Despite their benign nature, pineal cysts have been reported to enlarge in size and cause symptoms of increased intracranial pressure, most commonly headache secondary to a mass effect.4- 6 None of the patients in this series had symptoms, and this was probably related to the size of the cysts being generally less than 1 cm.
The fact that MRI can distinguish benign pineal cysts from pineal neoplasms is of obvious clinical importance. The presence of a small, well-circumscribed, round cystic lesion with smooth margins in the pineal gland, showing slightly increased signal of the cyst wall on T1-weighted images, is characteristic of a pineal cyst.4- 6 The cyst fluid, best visualized on T2-weighted images, shows bright signal intensity, a feature seen with most cysts in the human body. Although we have been unable to find a previous report of a purely cystic pinealoblastoma, the MRI characteristics of pinealoblastoma differ in many aspects from a pineal cyst. Pinealoblastoma is described as a large, nodular, solid mass that typically shows diffuse enhancement after administration of contrast material.3 On the contrary, pineal cysts normally show a fine rim of cyst wall enhancement, but the cyst itself does not enhance after administration of contrast material. Fleege et al,5 however, reported that symptomatic pineal cysts may have an atypical MRI appearance, including large size and nodular, irregular enhancement, that often overlaps with the appearance of pineal neoplasms and may lead to an incorrect diagnosis.
Most of the pineal cysts in this study occurred in patients with bilateral retinoblastoma, who are at risk of developing midline brain tumors. However, the later age of appearance of the pineal cyst, the absence of symptoms, and the neuroradiologic appearance of the lesion made the diagnosis of a pinealoblastoma unlikely. Furthermore, follow-up MRI on a 2- to 4-month basis confirmed the lack of progression.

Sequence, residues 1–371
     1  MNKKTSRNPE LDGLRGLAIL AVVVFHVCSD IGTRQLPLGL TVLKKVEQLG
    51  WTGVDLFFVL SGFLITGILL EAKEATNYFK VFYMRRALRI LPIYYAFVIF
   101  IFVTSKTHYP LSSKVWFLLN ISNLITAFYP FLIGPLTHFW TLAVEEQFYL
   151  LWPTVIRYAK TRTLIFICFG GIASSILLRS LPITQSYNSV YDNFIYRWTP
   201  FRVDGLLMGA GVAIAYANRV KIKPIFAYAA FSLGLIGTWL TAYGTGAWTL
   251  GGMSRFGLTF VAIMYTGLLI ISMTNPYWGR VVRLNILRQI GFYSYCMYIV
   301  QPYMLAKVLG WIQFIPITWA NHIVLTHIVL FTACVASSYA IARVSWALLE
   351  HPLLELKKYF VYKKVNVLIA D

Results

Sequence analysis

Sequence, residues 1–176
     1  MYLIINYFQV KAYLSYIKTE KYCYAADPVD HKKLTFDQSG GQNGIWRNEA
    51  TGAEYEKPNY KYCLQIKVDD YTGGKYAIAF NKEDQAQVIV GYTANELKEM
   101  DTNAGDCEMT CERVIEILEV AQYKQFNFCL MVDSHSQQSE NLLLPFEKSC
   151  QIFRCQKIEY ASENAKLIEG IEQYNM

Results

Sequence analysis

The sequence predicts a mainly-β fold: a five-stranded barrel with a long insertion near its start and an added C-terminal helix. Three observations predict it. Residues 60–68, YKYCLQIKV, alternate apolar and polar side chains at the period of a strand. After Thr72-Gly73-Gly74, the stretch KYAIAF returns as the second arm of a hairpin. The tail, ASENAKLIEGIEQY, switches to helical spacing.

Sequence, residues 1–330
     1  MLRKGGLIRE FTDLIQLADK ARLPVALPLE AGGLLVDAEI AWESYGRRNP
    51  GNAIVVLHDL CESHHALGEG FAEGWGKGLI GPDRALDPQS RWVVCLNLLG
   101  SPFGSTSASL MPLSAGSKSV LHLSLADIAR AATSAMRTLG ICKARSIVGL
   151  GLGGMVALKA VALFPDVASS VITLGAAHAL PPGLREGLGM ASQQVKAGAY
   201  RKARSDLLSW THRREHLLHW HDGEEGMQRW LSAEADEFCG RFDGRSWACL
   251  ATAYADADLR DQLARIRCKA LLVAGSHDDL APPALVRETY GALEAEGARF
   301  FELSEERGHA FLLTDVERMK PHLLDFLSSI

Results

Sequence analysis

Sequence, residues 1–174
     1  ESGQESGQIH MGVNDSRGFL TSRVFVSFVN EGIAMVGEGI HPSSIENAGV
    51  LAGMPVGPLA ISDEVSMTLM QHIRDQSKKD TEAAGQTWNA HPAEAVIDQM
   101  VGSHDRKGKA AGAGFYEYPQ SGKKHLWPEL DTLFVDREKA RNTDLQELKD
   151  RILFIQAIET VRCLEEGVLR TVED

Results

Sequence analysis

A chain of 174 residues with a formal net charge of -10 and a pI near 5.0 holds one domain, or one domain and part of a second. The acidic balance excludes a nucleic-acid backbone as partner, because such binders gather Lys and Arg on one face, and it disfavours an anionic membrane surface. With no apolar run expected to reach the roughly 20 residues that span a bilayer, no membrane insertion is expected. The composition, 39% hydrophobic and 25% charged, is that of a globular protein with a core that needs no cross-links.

In conclusion, pineal cysts are infrequent midline intracranial lesions in the young population. They are usually small and asymptomatic and carry a good prognosis. Ophthalmologists should be aware of the presence of this benign lesion when performing routine neuroimaging screening, especially in children with bilateral retinoblastoma.
Correspondence: Dr Carol L. Shields, Oncology Service, Wills Eye Hospital, 840 Walnut St, Philadelphia, PA 19107 (email@example.com).
Submitted for Publication: April 15, 2004; final revision received February 9, 2005; accepted February 17, 2005.
Financial Disclosure: None.
Funding/Support: This study was supported in part by the Eye Tumor Research Foundation, Philadelphia, Pa (C.L.S.); the Macula Foundation, New York, NY (C.L.S.); the Rosenthal Award of the Macula Society (C.L.S.); and the Paul Kayser International Award of Merit in Retina Research, Houston, Tex (J.A.S.).
Previous Presentations: This study was presented at the 56th Annual Wills Eye Hospital Conference; March 4, 2004; Philadelphia, Pa.